Working from home definitely has its benefits. Some companies actually allow you to set your own schedule. You save money on gas, plus wear and tear on your car. There is no need to spend extra money buying your lunch, or time making one. There is no workplace attire to purchase. Your appearance is not an issue. It does not matter how your hair looks, and you can wear sweats and bunny slippers to work. No need for regular manicures. If you have small children, you get the chance to stay home with them, which saves on daycare costs. There are no annoying or boisterous co-workers, no boss looking over your shoulder. You can select where you would like to work in your home. You can even work in bed if you like, as long as there is a telephone nearby. I do not mean a cell, either.
I have listed some of the pros about working from home. Now, it is time for a few of the cons. Most work at home companies do not permit the use of cell phones. You have to have a landline, which will cost you extra money. Forget about attempting to get some savings with a Magic Jack device, because these too are prohibited. You will also need a headset. You might have to upgrade your computer. Expect an increase in your electricity bill, due to having your computer on for such prolonged periods of time. Some companies require a drug test and/or background check. Do not plan on being automatically reimbursed. There will often be paperwork to fill out, and either mail or fax back. Some might need notarizing. In short, there is expense before you even get started.
The biggest misconception about working from home is it is “easy.” Here is the truth- it is work. Your full and undivided attention is demanded. You cannot play around on Facebook, or chat with family and friends. You must be on top of your game, as with any job. You cannot arrive late, take breaks when you feel like it, and leave early. Behavior such as this will get you fired. Your actions are documented. There are certain metrics you have to meet, as well. For example, your handle time cannot be too long. This is the duration you are on the line with a caller. Each company tends to have their own set of metrics, which will be explained to you at the beginning. When call volume is high, you have to sit in one position for lengthy periods of time, taking call after call, with no immediate break in sight. Then there are the callers. Some are nice, others are indifferent, while there are those rude ones. You will interact with all three regularly. You cannot hang up or use profanity when things get difficult. You have to remain professional. Just be calm and relax as best you can. Work through it.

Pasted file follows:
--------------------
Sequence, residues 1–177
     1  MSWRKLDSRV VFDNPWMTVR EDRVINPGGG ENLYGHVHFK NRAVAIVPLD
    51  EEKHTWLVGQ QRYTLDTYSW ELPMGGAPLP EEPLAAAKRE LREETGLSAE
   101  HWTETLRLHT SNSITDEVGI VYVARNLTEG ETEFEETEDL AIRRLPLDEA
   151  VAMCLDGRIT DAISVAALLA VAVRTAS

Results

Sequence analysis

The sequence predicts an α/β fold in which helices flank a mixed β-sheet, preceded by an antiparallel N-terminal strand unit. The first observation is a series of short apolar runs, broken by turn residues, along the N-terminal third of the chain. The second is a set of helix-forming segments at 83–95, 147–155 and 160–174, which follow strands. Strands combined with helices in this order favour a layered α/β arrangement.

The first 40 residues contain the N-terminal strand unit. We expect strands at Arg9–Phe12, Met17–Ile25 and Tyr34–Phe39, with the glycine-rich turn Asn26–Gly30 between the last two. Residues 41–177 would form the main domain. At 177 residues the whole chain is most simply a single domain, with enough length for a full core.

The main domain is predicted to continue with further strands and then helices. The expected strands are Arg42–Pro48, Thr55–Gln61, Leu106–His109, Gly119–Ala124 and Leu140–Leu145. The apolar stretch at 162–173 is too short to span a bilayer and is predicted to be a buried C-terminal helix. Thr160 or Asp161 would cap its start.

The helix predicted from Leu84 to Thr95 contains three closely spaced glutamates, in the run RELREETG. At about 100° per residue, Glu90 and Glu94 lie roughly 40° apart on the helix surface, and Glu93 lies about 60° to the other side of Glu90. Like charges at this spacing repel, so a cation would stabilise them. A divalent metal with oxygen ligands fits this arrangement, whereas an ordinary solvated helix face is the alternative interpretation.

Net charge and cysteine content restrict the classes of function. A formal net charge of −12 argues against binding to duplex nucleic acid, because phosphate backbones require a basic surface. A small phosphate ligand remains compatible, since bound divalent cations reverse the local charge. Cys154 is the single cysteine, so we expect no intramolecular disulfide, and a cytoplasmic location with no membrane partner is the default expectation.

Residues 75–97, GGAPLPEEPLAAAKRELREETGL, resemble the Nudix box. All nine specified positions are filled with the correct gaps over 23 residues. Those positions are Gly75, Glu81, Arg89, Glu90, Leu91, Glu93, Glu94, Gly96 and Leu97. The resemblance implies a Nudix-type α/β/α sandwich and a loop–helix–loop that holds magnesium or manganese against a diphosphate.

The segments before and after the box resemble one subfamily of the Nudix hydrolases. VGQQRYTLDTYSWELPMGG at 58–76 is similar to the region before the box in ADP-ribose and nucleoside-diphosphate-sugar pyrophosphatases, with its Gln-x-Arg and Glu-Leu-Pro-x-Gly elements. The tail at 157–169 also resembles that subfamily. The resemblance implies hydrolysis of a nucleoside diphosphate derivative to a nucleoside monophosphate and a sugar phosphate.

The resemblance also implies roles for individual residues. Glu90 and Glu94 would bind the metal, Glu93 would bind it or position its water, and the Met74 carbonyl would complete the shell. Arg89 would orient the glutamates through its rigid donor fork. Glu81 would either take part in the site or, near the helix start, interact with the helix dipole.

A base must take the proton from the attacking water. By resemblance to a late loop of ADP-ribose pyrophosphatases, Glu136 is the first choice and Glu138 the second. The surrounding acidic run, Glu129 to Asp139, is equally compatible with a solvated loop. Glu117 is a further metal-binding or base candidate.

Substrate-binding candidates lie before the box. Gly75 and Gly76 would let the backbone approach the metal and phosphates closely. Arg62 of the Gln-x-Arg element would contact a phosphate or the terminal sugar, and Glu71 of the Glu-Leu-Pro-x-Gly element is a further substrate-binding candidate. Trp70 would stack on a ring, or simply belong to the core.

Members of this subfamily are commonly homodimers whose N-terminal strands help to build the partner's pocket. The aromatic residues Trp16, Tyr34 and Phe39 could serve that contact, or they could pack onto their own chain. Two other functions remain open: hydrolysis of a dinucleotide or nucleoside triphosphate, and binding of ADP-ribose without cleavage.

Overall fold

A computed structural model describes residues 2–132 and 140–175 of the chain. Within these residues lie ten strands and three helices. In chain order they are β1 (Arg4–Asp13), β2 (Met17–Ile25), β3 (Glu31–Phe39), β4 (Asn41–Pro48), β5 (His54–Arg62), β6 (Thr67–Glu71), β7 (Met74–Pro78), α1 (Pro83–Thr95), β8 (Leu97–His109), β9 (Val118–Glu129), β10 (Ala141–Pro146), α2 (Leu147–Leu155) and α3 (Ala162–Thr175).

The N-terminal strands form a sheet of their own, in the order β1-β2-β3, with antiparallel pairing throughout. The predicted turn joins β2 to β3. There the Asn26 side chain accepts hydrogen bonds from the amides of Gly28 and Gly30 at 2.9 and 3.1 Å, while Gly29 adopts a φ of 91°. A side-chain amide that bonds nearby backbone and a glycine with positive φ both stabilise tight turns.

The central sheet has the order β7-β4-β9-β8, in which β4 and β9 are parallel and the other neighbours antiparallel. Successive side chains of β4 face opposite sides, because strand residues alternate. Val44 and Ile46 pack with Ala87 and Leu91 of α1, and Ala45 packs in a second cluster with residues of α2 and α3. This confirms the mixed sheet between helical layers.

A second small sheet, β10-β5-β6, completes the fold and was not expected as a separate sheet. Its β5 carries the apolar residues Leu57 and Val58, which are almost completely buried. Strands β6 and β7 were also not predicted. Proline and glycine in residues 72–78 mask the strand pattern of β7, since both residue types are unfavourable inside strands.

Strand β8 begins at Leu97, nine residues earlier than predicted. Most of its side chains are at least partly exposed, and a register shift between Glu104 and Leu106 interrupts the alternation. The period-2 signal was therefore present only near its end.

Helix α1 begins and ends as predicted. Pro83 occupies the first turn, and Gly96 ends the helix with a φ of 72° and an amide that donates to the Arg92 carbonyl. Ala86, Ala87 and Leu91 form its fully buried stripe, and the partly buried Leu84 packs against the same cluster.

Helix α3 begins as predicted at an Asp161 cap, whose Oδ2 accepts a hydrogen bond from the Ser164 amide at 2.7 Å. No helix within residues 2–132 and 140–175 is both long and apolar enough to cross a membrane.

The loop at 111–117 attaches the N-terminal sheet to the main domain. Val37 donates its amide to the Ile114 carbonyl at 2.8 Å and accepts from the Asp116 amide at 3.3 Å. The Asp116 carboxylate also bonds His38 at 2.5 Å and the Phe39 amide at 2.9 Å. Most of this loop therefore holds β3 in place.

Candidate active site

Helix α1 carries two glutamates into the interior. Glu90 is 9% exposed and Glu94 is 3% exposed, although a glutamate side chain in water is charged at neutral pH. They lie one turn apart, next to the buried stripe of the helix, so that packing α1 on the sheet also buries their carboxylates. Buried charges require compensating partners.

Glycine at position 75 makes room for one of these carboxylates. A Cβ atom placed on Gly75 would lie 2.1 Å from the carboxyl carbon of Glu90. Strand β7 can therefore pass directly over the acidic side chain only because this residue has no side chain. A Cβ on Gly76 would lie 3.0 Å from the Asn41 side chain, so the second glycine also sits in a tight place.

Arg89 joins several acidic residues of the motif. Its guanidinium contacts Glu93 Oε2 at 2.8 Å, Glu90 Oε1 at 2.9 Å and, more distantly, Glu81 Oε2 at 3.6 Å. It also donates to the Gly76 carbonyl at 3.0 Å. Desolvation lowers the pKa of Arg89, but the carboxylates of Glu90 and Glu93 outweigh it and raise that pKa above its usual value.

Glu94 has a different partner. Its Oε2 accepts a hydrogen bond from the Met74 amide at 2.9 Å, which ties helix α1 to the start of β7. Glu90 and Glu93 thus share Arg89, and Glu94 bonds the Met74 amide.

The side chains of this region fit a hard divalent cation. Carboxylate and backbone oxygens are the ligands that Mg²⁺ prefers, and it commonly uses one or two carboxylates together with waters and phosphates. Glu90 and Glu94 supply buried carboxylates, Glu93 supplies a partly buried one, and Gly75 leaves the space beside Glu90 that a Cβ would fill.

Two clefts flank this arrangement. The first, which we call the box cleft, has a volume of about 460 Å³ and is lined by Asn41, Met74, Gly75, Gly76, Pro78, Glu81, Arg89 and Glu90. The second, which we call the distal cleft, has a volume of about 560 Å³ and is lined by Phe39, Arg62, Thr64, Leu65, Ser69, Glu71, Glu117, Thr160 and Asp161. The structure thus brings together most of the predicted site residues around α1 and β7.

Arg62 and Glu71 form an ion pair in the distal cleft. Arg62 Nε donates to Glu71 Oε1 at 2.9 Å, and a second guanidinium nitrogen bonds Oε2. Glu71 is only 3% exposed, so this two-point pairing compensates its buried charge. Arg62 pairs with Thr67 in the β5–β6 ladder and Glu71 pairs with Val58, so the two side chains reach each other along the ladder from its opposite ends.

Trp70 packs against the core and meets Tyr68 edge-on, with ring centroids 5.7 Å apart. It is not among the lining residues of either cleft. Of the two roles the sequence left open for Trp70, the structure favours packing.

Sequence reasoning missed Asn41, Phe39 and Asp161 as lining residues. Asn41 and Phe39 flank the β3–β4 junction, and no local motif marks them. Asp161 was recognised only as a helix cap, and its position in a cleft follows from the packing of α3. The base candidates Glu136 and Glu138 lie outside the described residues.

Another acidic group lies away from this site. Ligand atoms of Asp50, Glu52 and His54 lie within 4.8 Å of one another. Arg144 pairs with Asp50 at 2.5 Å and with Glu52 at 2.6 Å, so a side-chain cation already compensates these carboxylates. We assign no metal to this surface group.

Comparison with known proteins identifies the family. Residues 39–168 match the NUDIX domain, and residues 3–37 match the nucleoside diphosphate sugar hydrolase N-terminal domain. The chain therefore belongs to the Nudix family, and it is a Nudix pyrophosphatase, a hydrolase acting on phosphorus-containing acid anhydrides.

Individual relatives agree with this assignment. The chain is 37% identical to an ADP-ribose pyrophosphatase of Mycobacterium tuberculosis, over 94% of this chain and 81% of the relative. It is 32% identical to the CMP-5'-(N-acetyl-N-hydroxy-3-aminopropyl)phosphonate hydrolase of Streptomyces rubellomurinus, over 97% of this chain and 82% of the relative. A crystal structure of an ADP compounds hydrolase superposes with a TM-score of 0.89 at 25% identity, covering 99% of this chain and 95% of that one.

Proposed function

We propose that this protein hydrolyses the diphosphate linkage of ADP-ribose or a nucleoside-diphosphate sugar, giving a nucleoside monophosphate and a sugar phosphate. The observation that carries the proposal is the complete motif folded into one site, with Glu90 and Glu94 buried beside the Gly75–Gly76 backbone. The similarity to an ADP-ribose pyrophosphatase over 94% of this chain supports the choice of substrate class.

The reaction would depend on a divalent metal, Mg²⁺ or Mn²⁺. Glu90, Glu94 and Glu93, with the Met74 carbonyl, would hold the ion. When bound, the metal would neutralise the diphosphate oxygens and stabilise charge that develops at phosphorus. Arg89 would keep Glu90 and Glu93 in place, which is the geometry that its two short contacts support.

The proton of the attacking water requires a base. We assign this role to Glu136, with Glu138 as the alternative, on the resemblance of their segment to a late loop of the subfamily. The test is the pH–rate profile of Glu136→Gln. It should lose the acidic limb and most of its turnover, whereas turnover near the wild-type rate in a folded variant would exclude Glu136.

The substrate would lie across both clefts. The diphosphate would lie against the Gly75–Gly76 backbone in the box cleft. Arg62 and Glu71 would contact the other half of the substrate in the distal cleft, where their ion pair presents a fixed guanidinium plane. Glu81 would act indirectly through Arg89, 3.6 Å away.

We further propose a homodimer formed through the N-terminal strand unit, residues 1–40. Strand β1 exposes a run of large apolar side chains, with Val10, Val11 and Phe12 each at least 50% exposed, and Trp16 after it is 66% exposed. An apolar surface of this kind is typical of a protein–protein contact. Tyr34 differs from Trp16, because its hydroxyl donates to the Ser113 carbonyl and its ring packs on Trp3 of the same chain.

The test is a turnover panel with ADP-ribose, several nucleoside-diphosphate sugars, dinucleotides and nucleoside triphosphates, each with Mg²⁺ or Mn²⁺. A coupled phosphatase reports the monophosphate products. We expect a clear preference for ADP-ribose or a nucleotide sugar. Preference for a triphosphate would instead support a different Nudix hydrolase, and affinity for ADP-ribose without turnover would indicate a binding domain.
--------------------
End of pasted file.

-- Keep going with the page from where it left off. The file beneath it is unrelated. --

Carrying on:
Here are a few tips to seriously consider. First thing is to treat your work at home position what it really is- a job. Give it the same respect as a job you would commute to daily. Reach an understanding with the people in your life, so they will know what to expect firsthand. Stress to them you are working. Let them know you will be isolated from them. This way, they will not feel insulted when you are unavailble to them, and their wants/needs. Keep some water nearby, and have a positive, dedicated attitude. Keep in mind your co-workers are in not person. They are via your computer, most likely in a chatroom. Your interaction with them might be limited, possibly even nonexistant.
Before deciding to work from home, know what you can and cannot handle. Know what to expect. If it would be too difficult or challenging, I would advise you to stay away from it. However, if none of the cons would be a bother to you, I say you should go for it. Good luck!